The Game Window

The window itself is exposed through the GameWindow class. There should ever only be one instance of the GameWindow class for a given game. It is created by the Game and assigned to the Game.Window property during initialization. It exposes properties for working with the window. For example, you can set your game title with:

Window.Title = "My Cool Game Title";

This will update what Windows displays in the title bar of the window, as well as when hovering over the icon in the start bar, in the task manager, etc.

The GameWindow class handles much of the work of embedding the game within the host operating system. For example, when the game looses focus, the Window.Active property is false, and the game loop stops updating (effectively pausing the game).

You shouldn’t need to use most of its properties.

Setting the Game Window Size

If you want to specify the size of the window for your game, you can do so by setting the BackBufferWidth and BackBufferHeight properties of the Graphics object. For example to set the window to 760 x 480, you would add the following code to the Game.Initialize() method (assuming you used the latest MonoGame project template):

    _graphics.PreferredBackBufferWidth = 760;
    _graphics.PreferredBackBufferHeight = 480;

You can make the window any size you like - but if it is larger than your screen resolution, you won’t be able to see all of it. To make your game fullscreen and exactly the size of your monitor, use:

    _graphics.PreferredBackBufferWidth = GraphicsDevice.DisplayMode.Width;
    _graphics.PreferredBackBufferHeight = GraphicsDevice.DisplayMode.Height;
    _graphics.IsFullScreen = true;

Be sure that you have a means to exit full screen before you run a game in debug mode! Otherwise, you may not be able to reach VisualStudio’s window to stop the debugger. The default template includes code to close the game window when ESC is pressed. Also, the default GameWindow configuration uses ALT+ F4 to close the window.

Game Initialization

Before we actually move into the game loop, we need to initialize the game - load all of its needed parts and set all initial values. The MonoGame Game class provides two virtual hook methods for doing this: Game.Initialize() and Game.LoadContent().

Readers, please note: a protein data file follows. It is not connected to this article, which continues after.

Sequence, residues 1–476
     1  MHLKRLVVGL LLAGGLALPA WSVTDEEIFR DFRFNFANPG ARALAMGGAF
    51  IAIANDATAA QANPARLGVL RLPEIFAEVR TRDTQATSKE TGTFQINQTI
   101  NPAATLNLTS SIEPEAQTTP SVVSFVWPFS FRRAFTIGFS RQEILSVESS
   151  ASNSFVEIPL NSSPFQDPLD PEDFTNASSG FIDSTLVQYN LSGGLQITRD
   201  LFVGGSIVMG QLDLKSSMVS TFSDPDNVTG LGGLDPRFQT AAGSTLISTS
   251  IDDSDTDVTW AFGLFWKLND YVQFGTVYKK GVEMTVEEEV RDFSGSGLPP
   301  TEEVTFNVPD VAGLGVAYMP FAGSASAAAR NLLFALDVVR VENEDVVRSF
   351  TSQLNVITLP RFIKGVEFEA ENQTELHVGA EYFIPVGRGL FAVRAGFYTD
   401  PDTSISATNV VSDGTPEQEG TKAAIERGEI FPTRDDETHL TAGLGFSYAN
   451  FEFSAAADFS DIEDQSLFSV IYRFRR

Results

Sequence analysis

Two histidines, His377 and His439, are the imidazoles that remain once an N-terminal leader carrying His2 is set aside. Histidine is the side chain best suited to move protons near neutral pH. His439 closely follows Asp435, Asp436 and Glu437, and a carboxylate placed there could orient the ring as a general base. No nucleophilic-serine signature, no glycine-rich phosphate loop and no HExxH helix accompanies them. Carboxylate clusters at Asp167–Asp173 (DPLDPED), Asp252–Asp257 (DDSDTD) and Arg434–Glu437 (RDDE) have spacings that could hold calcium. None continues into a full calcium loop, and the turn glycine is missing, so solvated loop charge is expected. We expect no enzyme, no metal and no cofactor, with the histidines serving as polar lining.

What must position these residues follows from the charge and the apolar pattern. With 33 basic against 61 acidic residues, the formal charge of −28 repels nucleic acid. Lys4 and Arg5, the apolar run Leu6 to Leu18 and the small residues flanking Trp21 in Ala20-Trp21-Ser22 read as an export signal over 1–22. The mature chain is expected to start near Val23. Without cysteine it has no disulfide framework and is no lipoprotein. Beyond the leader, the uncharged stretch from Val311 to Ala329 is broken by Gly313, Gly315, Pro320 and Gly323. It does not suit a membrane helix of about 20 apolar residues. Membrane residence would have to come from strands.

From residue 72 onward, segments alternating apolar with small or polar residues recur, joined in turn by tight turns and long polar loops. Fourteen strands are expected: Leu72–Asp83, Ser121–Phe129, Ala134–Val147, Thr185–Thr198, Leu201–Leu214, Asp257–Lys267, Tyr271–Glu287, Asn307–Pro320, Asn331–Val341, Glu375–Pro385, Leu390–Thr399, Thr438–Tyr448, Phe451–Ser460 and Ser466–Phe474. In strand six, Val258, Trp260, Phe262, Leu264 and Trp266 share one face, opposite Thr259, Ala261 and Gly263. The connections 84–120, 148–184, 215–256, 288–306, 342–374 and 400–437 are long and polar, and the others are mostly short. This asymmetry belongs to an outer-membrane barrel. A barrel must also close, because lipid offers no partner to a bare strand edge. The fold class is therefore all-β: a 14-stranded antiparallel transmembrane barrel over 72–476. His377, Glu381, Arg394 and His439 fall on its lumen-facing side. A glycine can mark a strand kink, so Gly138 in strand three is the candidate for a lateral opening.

You might be wondering why we have two methods, or asking why the constructor is not included in this count. These are all good questions. First, in the documentation we see that Initialize():

Initializes attached GameComponent instances and calls LoadContent().

And, if we look at the template-generated Game.Initialize() method:

protected override void Initialize()
    // TODO: Add your initialization logic here

We can see that the Game.Initialize() is only invoked after our own initialization logic. Thus, it is largely a matter of controlling timing. We only want content (i.e. sounds, textures, etc.) to be loaded once the game is fully initialized.

This is largely because we are using the 3D hardware, which has its own RAM (video memory). Ideally, textures should be stored there for the fastest and most efficient rendering. So we want to delay loading our graphics until we have finished configuring the graphics device. Thus, we do any graphics card configuration in the Initialize() method, before invoking base.Initialize().

And why not the constructor? What if we want the player to be able to, upon loosing, immediately restart the game? If our initialization logic is in Initialize(), we can simply re-invoke that method. We can’t re-construct the Game class though, as it is tied to the life of our application.

A Simple Example

Let’s look at a super-simple example demonstrating the game loop. We’ll have a ball that moves a bit each frame and bounces off the sides of the window.

Variable Declarations

First, we need to know the ball’s position and velocity. In a two-dimensional game, we would probably use a Vector2 Struct to represent these. We also need a Texture2D to be the image of the ball:

// The ball's information
private Vector2 _ballPosition;
private Vector2 _ballVelocity;
private Texture2D _ballTexture;

Add these lines to the top of the Game1 class definition, along with the other field declarations.

Initialize() Additions

Then, in our Initialize() method, let’s center the ball on the screen:

    // Position the ball in the center of the screen
    _ballPosition.X = GraphicsDevice.Viewport.Width / 2;
    _ballPosition.Y = GraphicsDevice.Viewport.Height / 2;

We’ll also give it a random velocity:

    // Give the ball a random velocity
    System.Random rand = new System.Random();
    _ballVelocity.X = (float)rand.NextDouble();
    _ballVelocity.Y = (float)rand.NextDouble();
    _ballVelocity *= 100;

For now we’ll use the System.Random class you are used to. For some game purposes, it is sufficient, though its randomness is not as random as we’ll need for some kinds of games. Also, note that because Random.NextDouble() returns a double, and Vector2 uses floats, we need to implicitly cast the result. Finally, Vector2.Normalize() will shorten our velocity vector to be of length $ 1 $, which the _ballVelocity *= 100; line scales up to a length of $ 100 $. Eventually this will mean our ball will be traveling 100 pixels per second.